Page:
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Many nutrition researchers recommend a daily supplement providing at least 1,000 IU of vitamin D3 to ensure nutritional adequacy. From an optimizing standpoint, some research suggests that taking even more vitamin D may have further ergogenic, or performance boosting, effects and enhance post-exercise recovery.


The Food and Nutrition Board has defined the upper limit (NOAEL) for vitamin D at 4,000 IU/day, which means it’s safe for healthy athletes in daily dosages of up to 10x the % Daily Value on food labels.



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The Take Away: If you’re looking to maximize performance, maintain good health, and possibly reduce body fat in the process, supplementing with vitamin D3 might be a worthwhile endeavor.




Red Meat, Bad Kidneys?

Saturday, July 30th, 2016


Thinking about having a big juicy steak for dinner? Here’s some news that might make you want to reconsider – especially if kidney problems run in your family.

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In a collaborative study between the Duke Medical School and the National University of Singapore, scientists assessed the data from over 63,250 individuals over a 5-year period.


Here’s what they found:


  • Red meat intake is strongly associated with end-stage renal disease (ESRD).


  • The risk for ESRD increased in a dose-dependent manner with red meat consumption. In other words, individuals that ate the most red meat had the greatest risk of developing renal disease.


  • Those in the highest red meat consumption group (top 25%) had a 40% greater risk of developing ESRD than those in the bottom 25% of the study group.


  • Replacing just one serving of red meat with other types of proteins was associated with a relative risk reduction of over 60%. Incidentally, the researchers did not find any association between fish, eggs, poultry, and dairy intake and ESRD. The association was limited to red meat.



It’s important to note that this is an observational study and that even a strong association does not necessarily equate to causation. Put another way, it is possible that something else may be contributing to, or even causing altogether, the increase in chronic kidney disease that the researchers observed over the study period. That being said, the findings of this study are similar to other observations about heavy red meat consumption and reduced kidney health and function so we wouldn’t bet against the possibility of a causal link between the two.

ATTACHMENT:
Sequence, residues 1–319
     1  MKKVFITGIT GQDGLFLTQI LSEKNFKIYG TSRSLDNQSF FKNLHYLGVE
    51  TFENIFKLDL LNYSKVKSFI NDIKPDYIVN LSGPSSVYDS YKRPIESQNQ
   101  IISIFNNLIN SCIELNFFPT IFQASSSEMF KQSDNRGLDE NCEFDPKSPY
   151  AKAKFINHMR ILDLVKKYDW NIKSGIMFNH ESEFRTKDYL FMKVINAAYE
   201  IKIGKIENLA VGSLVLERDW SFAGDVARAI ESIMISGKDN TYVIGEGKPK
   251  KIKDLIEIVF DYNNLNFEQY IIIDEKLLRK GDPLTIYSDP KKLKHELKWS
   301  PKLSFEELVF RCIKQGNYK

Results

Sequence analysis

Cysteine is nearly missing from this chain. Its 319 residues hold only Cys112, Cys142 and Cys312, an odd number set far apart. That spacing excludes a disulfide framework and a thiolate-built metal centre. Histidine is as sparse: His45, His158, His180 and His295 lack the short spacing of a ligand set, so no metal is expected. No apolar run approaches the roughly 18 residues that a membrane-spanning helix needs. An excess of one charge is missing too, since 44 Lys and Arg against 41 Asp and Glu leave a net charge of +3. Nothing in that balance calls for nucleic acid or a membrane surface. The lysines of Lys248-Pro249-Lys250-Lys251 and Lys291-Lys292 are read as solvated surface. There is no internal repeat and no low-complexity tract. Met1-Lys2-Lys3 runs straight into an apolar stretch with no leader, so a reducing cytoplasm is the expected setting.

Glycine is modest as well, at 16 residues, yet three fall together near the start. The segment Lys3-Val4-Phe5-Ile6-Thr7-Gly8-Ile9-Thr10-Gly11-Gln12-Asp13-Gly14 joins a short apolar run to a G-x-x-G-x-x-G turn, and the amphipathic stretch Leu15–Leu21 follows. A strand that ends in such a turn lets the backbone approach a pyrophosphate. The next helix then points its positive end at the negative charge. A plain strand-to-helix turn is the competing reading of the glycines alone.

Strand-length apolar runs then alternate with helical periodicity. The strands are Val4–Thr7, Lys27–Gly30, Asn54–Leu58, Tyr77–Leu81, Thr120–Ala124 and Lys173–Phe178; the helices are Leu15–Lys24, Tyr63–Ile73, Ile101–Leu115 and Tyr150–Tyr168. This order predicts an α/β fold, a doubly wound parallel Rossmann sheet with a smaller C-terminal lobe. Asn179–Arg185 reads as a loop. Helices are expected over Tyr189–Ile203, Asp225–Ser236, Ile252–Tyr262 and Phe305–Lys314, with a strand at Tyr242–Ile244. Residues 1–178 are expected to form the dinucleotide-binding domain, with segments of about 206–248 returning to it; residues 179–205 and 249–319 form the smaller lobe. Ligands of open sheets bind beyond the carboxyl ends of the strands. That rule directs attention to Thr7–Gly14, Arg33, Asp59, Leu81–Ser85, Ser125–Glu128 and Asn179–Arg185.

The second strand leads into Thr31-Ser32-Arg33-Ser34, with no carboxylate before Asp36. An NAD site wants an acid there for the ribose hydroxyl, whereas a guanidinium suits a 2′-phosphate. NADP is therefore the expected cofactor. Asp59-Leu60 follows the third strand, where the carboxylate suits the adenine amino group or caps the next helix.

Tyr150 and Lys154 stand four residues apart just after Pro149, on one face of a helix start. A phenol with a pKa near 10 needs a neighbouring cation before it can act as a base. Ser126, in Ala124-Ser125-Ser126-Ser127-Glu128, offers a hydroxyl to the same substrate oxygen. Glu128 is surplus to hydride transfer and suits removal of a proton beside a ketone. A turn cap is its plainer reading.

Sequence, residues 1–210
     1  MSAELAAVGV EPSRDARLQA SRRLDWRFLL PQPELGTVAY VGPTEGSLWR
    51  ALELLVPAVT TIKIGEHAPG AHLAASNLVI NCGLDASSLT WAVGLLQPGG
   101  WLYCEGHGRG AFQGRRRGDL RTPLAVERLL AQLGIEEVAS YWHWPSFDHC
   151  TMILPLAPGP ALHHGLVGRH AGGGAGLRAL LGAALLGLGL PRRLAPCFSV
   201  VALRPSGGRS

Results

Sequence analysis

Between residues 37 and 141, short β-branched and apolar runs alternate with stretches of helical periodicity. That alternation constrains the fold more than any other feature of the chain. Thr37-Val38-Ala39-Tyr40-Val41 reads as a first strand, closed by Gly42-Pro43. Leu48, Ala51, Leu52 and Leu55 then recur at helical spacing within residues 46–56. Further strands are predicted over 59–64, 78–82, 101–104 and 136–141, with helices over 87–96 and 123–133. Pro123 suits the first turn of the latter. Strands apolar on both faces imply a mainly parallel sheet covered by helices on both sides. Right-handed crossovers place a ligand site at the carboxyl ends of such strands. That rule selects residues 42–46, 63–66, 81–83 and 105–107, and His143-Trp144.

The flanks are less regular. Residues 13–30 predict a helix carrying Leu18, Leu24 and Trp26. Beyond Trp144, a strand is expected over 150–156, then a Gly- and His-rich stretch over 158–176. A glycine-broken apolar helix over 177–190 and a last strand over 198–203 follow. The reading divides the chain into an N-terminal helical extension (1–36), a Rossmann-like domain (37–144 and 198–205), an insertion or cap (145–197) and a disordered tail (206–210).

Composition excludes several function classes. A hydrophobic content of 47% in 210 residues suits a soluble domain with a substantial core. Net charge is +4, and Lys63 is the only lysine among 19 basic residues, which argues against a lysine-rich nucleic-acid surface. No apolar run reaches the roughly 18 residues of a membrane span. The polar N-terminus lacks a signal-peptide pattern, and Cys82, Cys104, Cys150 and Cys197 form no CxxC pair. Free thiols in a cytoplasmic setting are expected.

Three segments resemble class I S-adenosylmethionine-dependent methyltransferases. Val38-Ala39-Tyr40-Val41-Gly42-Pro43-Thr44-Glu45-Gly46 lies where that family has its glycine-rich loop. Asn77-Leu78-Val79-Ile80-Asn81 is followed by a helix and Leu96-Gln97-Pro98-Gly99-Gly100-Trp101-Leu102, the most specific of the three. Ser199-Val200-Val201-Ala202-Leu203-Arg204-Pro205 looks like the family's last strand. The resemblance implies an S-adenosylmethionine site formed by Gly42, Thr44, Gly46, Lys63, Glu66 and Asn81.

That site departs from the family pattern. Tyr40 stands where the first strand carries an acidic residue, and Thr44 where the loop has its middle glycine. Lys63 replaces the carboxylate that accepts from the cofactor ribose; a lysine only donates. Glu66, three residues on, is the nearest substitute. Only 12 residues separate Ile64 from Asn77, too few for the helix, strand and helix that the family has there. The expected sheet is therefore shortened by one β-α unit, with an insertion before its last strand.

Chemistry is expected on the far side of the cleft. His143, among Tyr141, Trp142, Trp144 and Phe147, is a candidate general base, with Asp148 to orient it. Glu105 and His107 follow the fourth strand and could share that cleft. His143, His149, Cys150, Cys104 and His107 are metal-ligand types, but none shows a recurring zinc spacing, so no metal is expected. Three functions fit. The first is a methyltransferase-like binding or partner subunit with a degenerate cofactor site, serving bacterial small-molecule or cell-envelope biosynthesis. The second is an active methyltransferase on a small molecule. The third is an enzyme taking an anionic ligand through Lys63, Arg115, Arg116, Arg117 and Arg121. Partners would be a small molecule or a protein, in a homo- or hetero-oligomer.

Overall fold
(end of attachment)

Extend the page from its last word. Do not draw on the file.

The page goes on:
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What makes red meat potentially more damaging than other forms of protein? Researchers aren’t exactly sure, but nitrates, nitrites, glycation and lipoxidation end products, high heme iron content, and the production of acidic compounds during digestion of red meat have been speculated.


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While the science unfolds, it may be wise to eat a mix of diversified protein sources, focusing more heavily on seafood, dairy, egg, chicken, and plant-based proteins and eating red meat in moderation.






Eggcellent News For Bodybuilders and Other Strength-Training Athletes

Monday, July 18th, 2016


Eggs have long been a staple of the strength-training athlete’s diet. They’re rich in protein, contain all of the essential amino acids, are easily digested, and generally pretty budget friendly. Despite its many intrinsic benefits, the humble egg’s reputation has taken a beating over the years because of potential health concerns related to the high cholesterol content within the yolk.


Turns out, like many long held nutrition beliefs, this one isn’t all it was cracked up to be.


A new Finnish study published in the American Journal of Clinical Nutrition found that egg consumption is not associated with coronary artery disease (CAD) — even in individuals who are genetically predisposed to elevated serum cholesterol levels. In fact, participants in the highest control group consumed an average daily cholesterol intake that was nearly twice the % Daily Value (520 mg/day in the study vs. 300 mg/day % Daily Value on U.S. food labels) without impact on CAD risk or thicScreen Shot 2016-07-18 at 1.09.30 PMkening of carotid artery walls. This research reinforces the U.S. Agriculture and Health and Human Service’s Departments’ recent decision to reduce its focus on daily cholesterol consumption recommendations.


While dietary cholesterol may no longer considered a nutrient of concern from a health standpoint, it’s important to keep in mind that there are notable nutritional differences between the whole eggs and egg whites.


A single large egg contains about 80 calories, 5 g of fat, and 6 g protein. By comparison, two large egg whites only have about 40 calories, 0.2 g fat, and 7 g protein. On the flip side, egg yolks are plentiful in key micronutrients including vitamins A, B1, B3, B6, B9, B12, D, and E, as well as, antioxidant carotenoids, phospholipids, choline, phosphorus, zinc, and selenium. Thus, a blend of whole eggs and egg whites is probably best from a nutritional and physique maintenance standpoint.